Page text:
Pacific Pup: The California Coast According to Annette

Forest Dwellers

There is a coastal forest that I love to explore, but it is no ordinary forest. This is one that exists under the horizon, where the trees sway with rising and falling tides, constantly battling turbulent waves. They become floating homes, sheltering thousands of animals from sea slugs to leopard sharks. The diversity and richness here outcompete many of the other ecosystems on Earth. The forest I’m referring to is our own California kelp forest. As I mentioned in the last post, kelp forests are thought to be some of the most productive environments on the planet. Hotbeds of diversity, kelp forests are habitats for countless organisms, each filling a very specific and vital niche in its community.

Many animals that dwell in kelp forests are professional wallflowers, blending into their environment so well that they are nearly impossible to spot. Take the Pacific Red Octopus, for example. Octopi have specialized cells in their epithelia that expand or retract, changing the color of their skin to match that of their surroundings or send signals to fellow octopi. They even have the capability to change the texture of their skin. Decorator Crabs have Velcro-like exoskeletons to which they attach algae so they camouflage exactly into their local environments. Kelp Crabs are similar, with seemingly translucent kelp-colored exoskeletons that help them hide while they’re snacking (on kelp, of course).
The abundance of fish amid kelp forests is astounding. There are over one hundred species of rockfish alone, hovering closer to the surface than other forest animals. An interesting and beautiful native kelp dweller is the California Sheephead. Despite an endearing appearance, Sheepheads have a ferocious bite since they feed on animals with tough armor, like mussels and clams. An interesting fact is that every Sheephead is born female; environmental cues trigger some to become male during breeding season. The science behind it is still not well understood. Fascinating!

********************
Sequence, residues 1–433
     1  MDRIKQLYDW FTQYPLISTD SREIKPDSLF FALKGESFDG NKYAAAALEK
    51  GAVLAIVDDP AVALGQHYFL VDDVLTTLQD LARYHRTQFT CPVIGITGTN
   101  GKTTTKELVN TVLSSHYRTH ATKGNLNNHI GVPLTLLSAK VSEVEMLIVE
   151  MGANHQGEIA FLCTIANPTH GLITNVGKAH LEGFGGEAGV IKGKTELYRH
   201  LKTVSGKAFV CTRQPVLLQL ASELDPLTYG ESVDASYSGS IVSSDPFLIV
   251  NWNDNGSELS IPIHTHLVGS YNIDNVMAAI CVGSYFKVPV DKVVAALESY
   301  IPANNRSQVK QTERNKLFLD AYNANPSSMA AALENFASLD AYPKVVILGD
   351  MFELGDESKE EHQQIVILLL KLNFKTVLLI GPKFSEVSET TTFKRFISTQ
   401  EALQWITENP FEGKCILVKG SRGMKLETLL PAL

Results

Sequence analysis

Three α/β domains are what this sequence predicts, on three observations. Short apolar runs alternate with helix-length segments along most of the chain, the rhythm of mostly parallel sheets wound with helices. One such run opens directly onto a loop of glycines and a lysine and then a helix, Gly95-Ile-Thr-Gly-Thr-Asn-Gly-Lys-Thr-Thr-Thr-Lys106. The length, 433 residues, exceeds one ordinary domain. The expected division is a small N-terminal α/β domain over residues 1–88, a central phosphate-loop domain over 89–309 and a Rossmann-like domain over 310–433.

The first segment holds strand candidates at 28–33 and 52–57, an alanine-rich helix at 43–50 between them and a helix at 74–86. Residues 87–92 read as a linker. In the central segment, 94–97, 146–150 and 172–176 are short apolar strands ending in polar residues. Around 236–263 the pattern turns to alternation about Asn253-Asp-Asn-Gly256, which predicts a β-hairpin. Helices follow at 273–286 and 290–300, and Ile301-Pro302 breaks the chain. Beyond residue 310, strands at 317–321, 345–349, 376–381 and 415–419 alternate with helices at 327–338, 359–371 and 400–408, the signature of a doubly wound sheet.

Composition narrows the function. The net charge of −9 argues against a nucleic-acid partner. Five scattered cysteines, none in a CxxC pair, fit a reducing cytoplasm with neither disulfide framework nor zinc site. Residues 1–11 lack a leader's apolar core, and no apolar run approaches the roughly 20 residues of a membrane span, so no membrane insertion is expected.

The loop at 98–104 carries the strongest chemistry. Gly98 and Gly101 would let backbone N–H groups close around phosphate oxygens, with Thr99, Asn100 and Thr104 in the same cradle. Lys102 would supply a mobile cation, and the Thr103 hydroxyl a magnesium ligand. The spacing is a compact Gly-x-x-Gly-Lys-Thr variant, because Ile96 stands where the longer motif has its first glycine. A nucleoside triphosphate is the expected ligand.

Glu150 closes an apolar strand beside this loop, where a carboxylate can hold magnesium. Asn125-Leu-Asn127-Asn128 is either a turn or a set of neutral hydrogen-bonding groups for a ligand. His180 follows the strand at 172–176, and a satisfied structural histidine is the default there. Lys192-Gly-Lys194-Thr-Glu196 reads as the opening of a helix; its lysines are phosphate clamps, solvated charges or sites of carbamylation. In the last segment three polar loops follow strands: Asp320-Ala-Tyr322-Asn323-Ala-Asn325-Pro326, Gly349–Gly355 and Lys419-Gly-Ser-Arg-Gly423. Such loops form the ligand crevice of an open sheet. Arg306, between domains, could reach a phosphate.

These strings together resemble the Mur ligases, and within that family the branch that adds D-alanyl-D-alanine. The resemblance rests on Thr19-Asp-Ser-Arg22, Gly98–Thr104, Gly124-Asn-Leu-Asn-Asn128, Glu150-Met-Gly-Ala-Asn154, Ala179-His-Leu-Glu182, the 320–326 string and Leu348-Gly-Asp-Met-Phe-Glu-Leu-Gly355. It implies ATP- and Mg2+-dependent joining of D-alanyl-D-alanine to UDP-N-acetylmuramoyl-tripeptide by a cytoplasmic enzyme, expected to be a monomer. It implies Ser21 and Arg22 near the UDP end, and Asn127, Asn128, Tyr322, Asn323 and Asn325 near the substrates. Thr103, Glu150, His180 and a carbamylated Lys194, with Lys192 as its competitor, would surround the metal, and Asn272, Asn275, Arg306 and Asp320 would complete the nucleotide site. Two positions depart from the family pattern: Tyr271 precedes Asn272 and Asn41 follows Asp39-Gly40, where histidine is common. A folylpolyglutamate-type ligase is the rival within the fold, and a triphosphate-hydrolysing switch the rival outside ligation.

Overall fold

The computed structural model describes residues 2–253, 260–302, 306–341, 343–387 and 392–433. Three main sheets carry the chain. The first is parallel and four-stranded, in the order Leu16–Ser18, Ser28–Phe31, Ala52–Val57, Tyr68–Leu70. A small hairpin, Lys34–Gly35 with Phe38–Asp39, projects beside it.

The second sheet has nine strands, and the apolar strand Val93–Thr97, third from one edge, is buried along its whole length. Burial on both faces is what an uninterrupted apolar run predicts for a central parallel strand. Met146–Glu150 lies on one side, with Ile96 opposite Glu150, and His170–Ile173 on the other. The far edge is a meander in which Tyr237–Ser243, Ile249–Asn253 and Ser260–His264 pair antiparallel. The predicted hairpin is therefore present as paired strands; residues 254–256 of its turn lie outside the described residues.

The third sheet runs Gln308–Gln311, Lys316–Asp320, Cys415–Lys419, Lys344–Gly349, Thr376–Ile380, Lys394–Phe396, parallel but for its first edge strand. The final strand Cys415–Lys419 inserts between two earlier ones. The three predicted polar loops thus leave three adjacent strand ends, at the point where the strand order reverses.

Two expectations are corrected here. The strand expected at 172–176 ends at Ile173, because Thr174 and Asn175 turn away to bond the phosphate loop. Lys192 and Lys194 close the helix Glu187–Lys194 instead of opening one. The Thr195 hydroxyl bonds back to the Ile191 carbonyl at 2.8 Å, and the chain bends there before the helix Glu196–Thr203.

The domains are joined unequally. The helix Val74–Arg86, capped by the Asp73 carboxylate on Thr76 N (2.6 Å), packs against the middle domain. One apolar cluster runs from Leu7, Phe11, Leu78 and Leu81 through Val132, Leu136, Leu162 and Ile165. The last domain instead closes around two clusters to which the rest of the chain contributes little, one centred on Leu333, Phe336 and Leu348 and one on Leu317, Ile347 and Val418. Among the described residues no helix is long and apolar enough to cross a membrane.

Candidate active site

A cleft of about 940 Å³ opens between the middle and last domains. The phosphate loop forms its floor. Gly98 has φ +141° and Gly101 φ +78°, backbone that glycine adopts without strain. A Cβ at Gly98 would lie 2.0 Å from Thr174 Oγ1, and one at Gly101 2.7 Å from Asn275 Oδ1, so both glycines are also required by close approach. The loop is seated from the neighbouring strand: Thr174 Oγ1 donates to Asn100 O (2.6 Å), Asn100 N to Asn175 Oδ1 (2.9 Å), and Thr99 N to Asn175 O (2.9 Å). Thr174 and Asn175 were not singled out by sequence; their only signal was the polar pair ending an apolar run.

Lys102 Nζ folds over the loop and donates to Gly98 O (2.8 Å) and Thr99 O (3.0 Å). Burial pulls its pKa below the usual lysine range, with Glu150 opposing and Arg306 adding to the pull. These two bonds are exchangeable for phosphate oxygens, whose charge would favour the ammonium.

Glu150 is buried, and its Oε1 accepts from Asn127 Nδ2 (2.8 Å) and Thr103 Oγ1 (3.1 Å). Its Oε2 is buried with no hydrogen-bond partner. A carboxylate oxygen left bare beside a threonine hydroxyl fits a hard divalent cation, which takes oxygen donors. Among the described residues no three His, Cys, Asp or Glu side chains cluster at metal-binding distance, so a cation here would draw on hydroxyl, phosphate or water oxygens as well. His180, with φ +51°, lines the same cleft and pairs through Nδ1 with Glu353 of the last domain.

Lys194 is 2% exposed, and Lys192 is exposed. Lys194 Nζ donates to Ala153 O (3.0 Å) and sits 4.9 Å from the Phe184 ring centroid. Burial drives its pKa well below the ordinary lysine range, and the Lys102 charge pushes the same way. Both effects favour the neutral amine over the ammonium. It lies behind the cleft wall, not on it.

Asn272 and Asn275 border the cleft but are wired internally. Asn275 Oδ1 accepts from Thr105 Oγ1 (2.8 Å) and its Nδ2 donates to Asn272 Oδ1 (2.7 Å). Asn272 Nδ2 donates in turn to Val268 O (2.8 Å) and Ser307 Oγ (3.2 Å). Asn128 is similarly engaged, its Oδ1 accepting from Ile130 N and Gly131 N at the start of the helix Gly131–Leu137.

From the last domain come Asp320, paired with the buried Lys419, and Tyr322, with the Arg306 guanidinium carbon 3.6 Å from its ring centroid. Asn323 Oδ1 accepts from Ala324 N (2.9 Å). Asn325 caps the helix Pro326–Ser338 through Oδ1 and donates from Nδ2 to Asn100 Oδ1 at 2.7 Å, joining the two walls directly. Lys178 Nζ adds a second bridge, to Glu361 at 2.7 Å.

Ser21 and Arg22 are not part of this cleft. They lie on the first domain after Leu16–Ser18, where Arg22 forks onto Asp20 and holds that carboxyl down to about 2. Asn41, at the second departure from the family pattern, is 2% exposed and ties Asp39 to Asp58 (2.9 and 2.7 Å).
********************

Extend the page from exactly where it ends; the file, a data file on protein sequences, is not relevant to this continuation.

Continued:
It is not so easy to observe kelp forest animals in the wild without some SCUBA gear. Thus, a favorite activity of mine is to check out our local California aquariums. One of the most developed kelp forest exhibits resides at Monterey Bay Aquarium, which has a great webcam on their website. The Aquarium of the Pacific in Long Beach also hosts an impressive kelp forest, which is home to Giant Sea Bass that can weigh over five hundred pounds!
Kelp forests are centers of diversity, inspiring a profusion of amazing artwork. Please check out these artists’ creative and inspirational illustrations capturing our underwater forests: Kathryn Killackey, Margo Mullen, and Donna Schaffer.
See you at the beach!
Annette Filice
(Scientific Illustrator Intern)

Sketch Notes:
California Sheephead, Leopard Shark, Rockfish, Sea Cucumber, Pacific Red Octopus, Pacific Sardines. Evidence of a kelp crab.


  1. says

    Forestdwellers.. Huh, really? πŸ™‚

  2. says

    Forestdwellers.. WTF? πŸ™‚

  3. says

    Forestdwellers.. Super πŸ™‚